As will Fairchild. This is why she and her colleagues have committed to perform the first-ever series of residency concerts at Nashville’s beloved Ryman Auditorium throughout 2017. “It’s home,” she says. “But even when we stepped onto the Grammy stage and did the tribute to the Bee Gees, we wanted to pay respect to that music and to shine a light on all the good music that’s coming out of Nashville. Whatever we do, we want to represent this town well.”

Source: USA Today

‘We Have to Show Acceptance to People of All Races, Religions, Colors’

Little Big Town had hoped to dial things back in 2017 after years of hard touring. Instead, as new album The Breaker (Feb. 24, Capitol Nashville) precedes a yearlong residency at Nashville’s Ryman Auditorium as well as a slew of domestic and international dates, the reigning Country Music Association vocal group of the year is as busy as ever. The album — a more wide-ranging mix of pop-rock, slick country and blue-eyed soul — has already gotten a boost from its Taylor Swift-penned single, “Better Man,” which has topped Billboard’s Hot Country Songs chart. The group’s Jimi Westbrook and Kimberly Schlapman break down the “Girl Crush” band’s big collaboration and place within country.

How did “Better Man” come your way?
Westbrook: Taylor sent it in an email — I don’t even know when she wrote it. She never cut it, but it was always a special song to her, and she felt like she could hear our harmonies on that chorus. She doesn’t really pitch her songs to anybody. I love that it’s definitely a country chorus, the chord structure of it and everything.

The song had been out for weeks before her co-writing credit was revealed. Why the secrecy?
Westbrook: Taylor is the biggest star in the world. Everything she does and says, everybody wants to talk about it. We felt like the song needed to be heard for what it was. We all know that when Taylor’s name gets associated with it, it becomes a pop phenomenon. But we wanted it to stand on its own, so we decided not to tell right off the bat. She loved that.

Describe the sound you were going for on the album, and how it differs from past projects.
Schlapman: It’s my favorite record we have ever made. I don’t think I’ve ever said that before. I love the message — it’s warm, it’s nostalgic, it’s uplifting.Every time we make a record we want it to be different … but we always also want it to be still recognizable for fans that have hung in there with us for so many years.

The band wrote only three of the album’s 12 songs. Was that planned?
Westbrook: That wasn’t deliberate. We’re led by the songs that move us, that we fall in love with. Our harmony is the thread throughout all of our albums, but we want to try new things. It’s not really about whether we wrote it or not.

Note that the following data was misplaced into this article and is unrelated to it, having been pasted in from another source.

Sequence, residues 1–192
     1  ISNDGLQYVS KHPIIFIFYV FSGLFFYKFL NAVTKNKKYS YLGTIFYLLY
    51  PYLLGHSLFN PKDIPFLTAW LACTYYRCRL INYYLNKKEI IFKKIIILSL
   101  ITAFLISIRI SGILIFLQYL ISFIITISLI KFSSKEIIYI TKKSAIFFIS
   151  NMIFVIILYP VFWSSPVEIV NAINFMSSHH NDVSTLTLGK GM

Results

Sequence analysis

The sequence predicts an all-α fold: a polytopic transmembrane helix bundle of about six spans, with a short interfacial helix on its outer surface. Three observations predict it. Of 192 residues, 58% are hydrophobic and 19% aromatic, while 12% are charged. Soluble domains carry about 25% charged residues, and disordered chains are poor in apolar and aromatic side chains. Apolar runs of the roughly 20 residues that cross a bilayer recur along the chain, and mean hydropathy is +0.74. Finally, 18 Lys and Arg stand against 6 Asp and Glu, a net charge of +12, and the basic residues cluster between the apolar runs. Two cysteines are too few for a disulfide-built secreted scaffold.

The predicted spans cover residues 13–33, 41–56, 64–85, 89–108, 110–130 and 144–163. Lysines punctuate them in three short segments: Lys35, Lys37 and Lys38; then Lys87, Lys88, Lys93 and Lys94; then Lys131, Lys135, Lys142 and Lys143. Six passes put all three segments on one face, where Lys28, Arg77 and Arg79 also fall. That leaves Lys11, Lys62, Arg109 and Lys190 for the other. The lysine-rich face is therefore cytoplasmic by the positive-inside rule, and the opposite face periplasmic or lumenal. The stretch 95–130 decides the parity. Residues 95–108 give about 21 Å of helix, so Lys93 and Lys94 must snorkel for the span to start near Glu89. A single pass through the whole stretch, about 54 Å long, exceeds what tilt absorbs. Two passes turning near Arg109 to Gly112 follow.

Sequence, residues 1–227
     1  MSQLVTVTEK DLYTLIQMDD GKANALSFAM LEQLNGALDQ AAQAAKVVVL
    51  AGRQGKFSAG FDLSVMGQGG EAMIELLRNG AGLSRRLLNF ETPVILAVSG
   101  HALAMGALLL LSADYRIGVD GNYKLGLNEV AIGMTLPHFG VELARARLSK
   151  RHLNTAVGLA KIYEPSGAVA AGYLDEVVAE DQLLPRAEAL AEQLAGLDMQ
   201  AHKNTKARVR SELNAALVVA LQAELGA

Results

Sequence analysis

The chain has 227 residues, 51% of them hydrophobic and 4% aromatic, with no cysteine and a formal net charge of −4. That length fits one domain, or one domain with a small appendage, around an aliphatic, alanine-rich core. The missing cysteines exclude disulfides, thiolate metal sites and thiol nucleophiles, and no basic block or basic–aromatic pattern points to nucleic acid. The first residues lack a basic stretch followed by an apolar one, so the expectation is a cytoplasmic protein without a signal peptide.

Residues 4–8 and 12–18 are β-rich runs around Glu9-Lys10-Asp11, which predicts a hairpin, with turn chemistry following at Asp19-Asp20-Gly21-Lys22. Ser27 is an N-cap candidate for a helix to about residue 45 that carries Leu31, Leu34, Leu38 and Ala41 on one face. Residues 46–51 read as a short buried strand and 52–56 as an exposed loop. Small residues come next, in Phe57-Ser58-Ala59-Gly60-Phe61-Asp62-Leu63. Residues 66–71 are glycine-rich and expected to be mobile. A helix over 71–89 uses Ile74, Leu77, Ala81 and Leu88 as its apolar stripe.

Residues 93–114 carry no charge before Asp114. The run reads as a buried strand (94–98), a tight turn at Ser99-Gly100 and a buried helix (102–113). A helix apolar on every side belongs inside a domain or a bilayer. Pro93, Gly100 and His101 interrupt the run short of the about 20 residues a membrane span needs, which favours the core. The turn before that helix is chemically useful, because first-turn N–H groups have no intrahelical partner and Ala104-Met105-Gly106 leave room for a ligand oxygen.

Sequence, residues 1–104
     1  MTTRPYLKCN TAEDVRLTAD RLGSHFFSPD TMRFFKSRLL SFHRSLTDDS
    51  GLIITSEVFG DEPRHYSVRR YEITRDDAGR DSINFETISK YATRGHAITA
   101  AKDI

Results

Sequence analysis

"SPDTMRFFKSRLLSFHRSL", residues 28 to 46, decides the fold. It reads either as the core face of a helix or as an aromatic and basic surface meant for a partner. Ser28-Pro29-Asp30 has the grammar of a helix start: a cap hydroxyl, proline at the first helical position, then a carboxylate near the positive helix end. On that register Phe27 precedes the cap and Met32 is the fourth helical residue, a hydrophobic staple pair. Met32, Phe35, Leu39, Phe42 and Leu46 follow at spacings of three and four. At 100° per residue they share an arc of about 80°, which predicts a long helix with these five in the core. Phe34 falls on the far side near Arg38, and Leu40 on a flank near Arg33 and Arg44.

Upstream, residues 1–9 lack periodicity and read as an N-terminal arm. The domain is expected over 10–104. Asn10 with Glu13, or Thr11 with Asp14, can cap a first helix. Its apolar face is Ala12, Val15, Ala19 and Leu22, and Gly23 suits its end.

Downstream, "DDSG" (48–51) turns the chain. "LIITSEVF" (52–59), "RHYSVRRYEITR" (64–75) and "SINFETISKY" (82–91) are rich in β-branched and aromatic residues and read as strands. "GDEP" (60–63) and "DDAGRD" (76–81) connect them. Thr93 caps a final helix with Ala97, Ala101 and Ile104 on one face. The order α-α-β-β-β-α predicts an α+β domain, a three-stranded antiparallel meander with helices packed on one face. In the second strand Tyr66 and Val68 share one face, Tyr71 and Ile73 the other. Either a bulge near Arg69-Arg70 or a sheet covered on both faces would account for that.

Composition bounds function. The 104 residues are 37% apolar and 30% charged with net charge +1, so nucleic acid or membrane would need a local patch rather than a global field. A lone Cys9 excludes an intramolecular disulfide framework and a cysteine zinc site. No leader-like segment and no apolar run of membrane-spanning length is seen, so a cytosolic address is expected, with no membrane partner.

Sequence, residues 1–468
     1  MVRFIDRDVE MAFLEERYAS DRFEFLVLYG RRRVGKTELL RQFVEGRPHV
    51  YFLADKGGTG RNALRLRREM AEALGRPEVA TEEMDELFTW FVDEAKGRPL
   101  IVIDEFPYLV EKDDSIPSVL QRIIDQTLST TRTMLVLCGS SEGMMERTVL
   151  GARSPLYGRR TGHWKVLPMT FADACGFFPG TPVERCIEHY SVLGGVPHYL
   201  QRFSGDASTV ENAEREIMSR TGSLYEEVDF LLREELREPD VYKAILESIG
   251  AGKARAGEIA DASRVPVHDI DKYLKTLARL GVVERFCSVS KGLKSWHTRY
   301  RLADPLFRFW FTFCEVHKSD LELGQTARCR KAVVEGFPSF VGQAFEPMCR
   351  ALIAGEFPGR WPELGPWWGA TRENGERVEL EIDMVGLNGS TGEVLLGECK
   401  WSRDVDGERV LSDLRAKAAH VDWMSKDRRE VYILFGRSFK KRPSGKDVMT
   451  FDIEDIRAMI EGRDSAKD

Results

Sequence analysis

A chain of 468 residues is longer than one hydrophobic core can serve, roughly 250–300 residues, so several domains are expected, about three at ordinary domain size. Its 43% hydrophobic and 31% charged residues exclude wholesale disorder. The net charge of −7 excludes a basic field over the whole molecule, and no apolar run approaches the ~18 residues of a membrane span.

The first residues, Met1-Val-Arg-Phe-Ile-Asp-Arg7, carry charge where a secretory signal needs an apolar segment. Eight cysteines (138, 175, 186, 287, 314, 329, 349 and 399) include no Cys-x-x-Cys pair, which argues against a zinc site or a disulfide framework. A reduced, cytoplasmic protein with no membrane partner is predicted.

What role has Little Big Town played in helping the sound of country expand during the last decade?
Westbrook: There’s such a wide array of talent, and in that landscape, it’s hard to know where we fit. Our sound has always had different flavors, so hopefully we have opened the door for more diversity within country. We’ve always tried not to stay in those comfort zones.

Any thoughts on the political events of the last few months, or on the role you and your country music peers should play in discussing those issues?
Schlapman: We as a band don’t get political. We just know our job is to make music that helps people escape or feel better, whether it’s in celebration [or] in grief. I look at moments in my life and records that have gotten me through really difficult times. I just needed the therapy of the music. So in today’s time, we want our music to do that for people.

Westbrook: I’ve never been a super-political person. I have been this year, because it’s impossible not to with the circus of politicians that have surfaced, but I don’t think people want to hear that from me. What we do have to do is to show acceptance and love to people of all types: all races, all religions, all colors. This band loves all people. That’s the message — if there is one — that we stand on.


Little Big Town Says Taylor Swift Will ‘Forever Be a Nashville Girl’

Little Big Town is opening up about why they believe Taylor Swift will always be a Nashville songwriter at heart.

The 27-year-old “I Don’t Wanna Live Forever” singer wrote the hit song “Better Man” for the country group.

PHOTOS: Check out the latest pics of Taylor Swift

While Taylor has now broken records in the pop genre, Little Big Town insists she hasn’t completely parted with her country roots.

“She’s a Nashville songwriter,” Little Big Town‘s Karen Fairchild told USA Today. “When you write a song like “Better Man” top to bottom on your own with your acoustic guitar, that’s Nashville. She’s a storyteller. She loves country music. Her last record was more poppy but who knows? Taylor can do anything she wants to. And she will forever be a Nashville girl.”

Source: JustJared